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Data Management and Real Time Respiratory Signals Processing in Anesthesia

  • Ph. Grevisse
  • P. Picart
  • A. Swietochowski
  • A. Deby
  • Y. Delcambre
  • A. Weerens
  • M. Demeester
  • M. Rucquoi
  • F. Camu
Conference paper
Part of the Lecture Notes in Medical Informatics book series (LNMED, volume 24)

Abstract

We describe a computer system, the Chronicler; it takes over all data processing tasks in anesthesia, from the arrival of the patient in the hospital, until his discharge. The functions of the basic system are automatic physiological data collection, automatic acquisition of short periods of raw signals values (for morphology analysis), automatic real time calibration of the measuring devices, automatic acquisition of data from laboratory analyzers, storage of manual data (drug delivery, infusion, events, diagnoses, laboratory data, …). The system also helps the anesthesiologist control his patient, adjust drug delivery, validate special measurements, enter manual data. It displays the stored data in a variety of alphanumerical and graphical manners, prints a comprehensive anesthesia report and helps the anesthesiologist prepare the summary of the patient’s record. The system stores that summary together with detailed data.

This system can be expanded in order to take over several operating rooms at the same time, to support specific research projects or to become a powerfull research system. An example of expansion of the system in the research area is given: a special multiprocessor system (PAMS) is added; it analyzes in real time respiratory signals (gas flow, airway pressure and up to 6 gas composition signals (from a mass spectrometer)) and generates breath per breath about 50 values.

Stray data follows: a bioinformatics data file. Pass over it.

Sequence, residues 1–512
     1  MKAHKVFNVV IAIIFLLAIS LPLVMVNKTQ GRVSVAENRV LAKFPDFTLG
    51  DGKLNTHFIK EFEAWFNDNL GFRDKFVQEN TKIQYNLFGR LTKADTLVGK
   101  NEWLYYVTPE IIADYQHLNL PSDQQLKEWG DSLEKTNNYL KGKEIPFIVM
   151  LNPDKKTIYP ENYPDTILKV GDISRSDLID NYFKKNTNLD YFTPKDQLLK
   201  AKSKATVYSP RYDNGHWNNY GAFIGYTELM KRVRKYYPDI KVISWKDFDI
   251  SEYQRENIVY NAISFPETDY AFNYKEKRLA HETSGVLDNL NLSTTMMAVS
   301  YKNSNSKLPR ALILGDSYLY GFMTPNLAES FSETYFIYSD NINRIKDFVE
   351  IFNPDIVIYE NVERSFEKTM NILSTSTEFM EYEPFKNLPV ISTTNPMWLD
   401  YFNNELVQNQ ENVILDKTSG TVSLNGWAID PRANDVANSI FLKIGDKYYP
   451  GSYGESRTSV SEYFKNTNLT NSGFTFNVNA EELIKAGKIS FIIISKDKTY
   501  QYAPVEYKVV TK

The Chronicler is modular and can easily be adapted to the changing needs of the anesthesiologist.

Keywords

Airway Pressure Trend Curve Specific Research Project Automatic Acquisition Control Processor 
These keywords were added by machine and not by the authors. This process is experimental and the keywords may be updated as the learning algorithm improves.

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References

  1. (1).
    M. Demeester, E. Musoglu, P. Mundeleer, A. Doom, J. P. Barroy, Continuous monitoring by microprocessor from the operating room to the intensive care unit. Acta Anaesth. Belg., 1983, 34, 137–148.PubMedGoogle Scholar
  2. (2).
    M. Demeester, Monitoring des patients en unites de soins intensifs et en salles d’opération. Impact des microprocesseurs et microordinateurs sur l’efficience du monitoring informatisé et la généralisation de son emploi. Rapport scientifique, Contrat SPPS I 26 /54, 1982, p. 44.Google Scholar

Copyright information

© Springer-Verlag Berlin Heidelberg 1984

Authors and Affiliations

  • Ph. Grevisse
    • 1
  • P. Picart
    • 1
  • A. Swietochowski
    • 1
  • A. Deby
    • 1
  • Y. Delcambre
    • 1
  • A. Weerens
    • 1
  • M. Demeester
    • 1
  • M. Rucquoi
    • 2
  • F. Camu
    • 2
  1. 1.C.D.G.I.M. et STAFFBruxellesBelgium
  2. 2.Dienst AnesthesiologieAkademisch Ziekenhuis Vrije Universiteit BrusselBelgium

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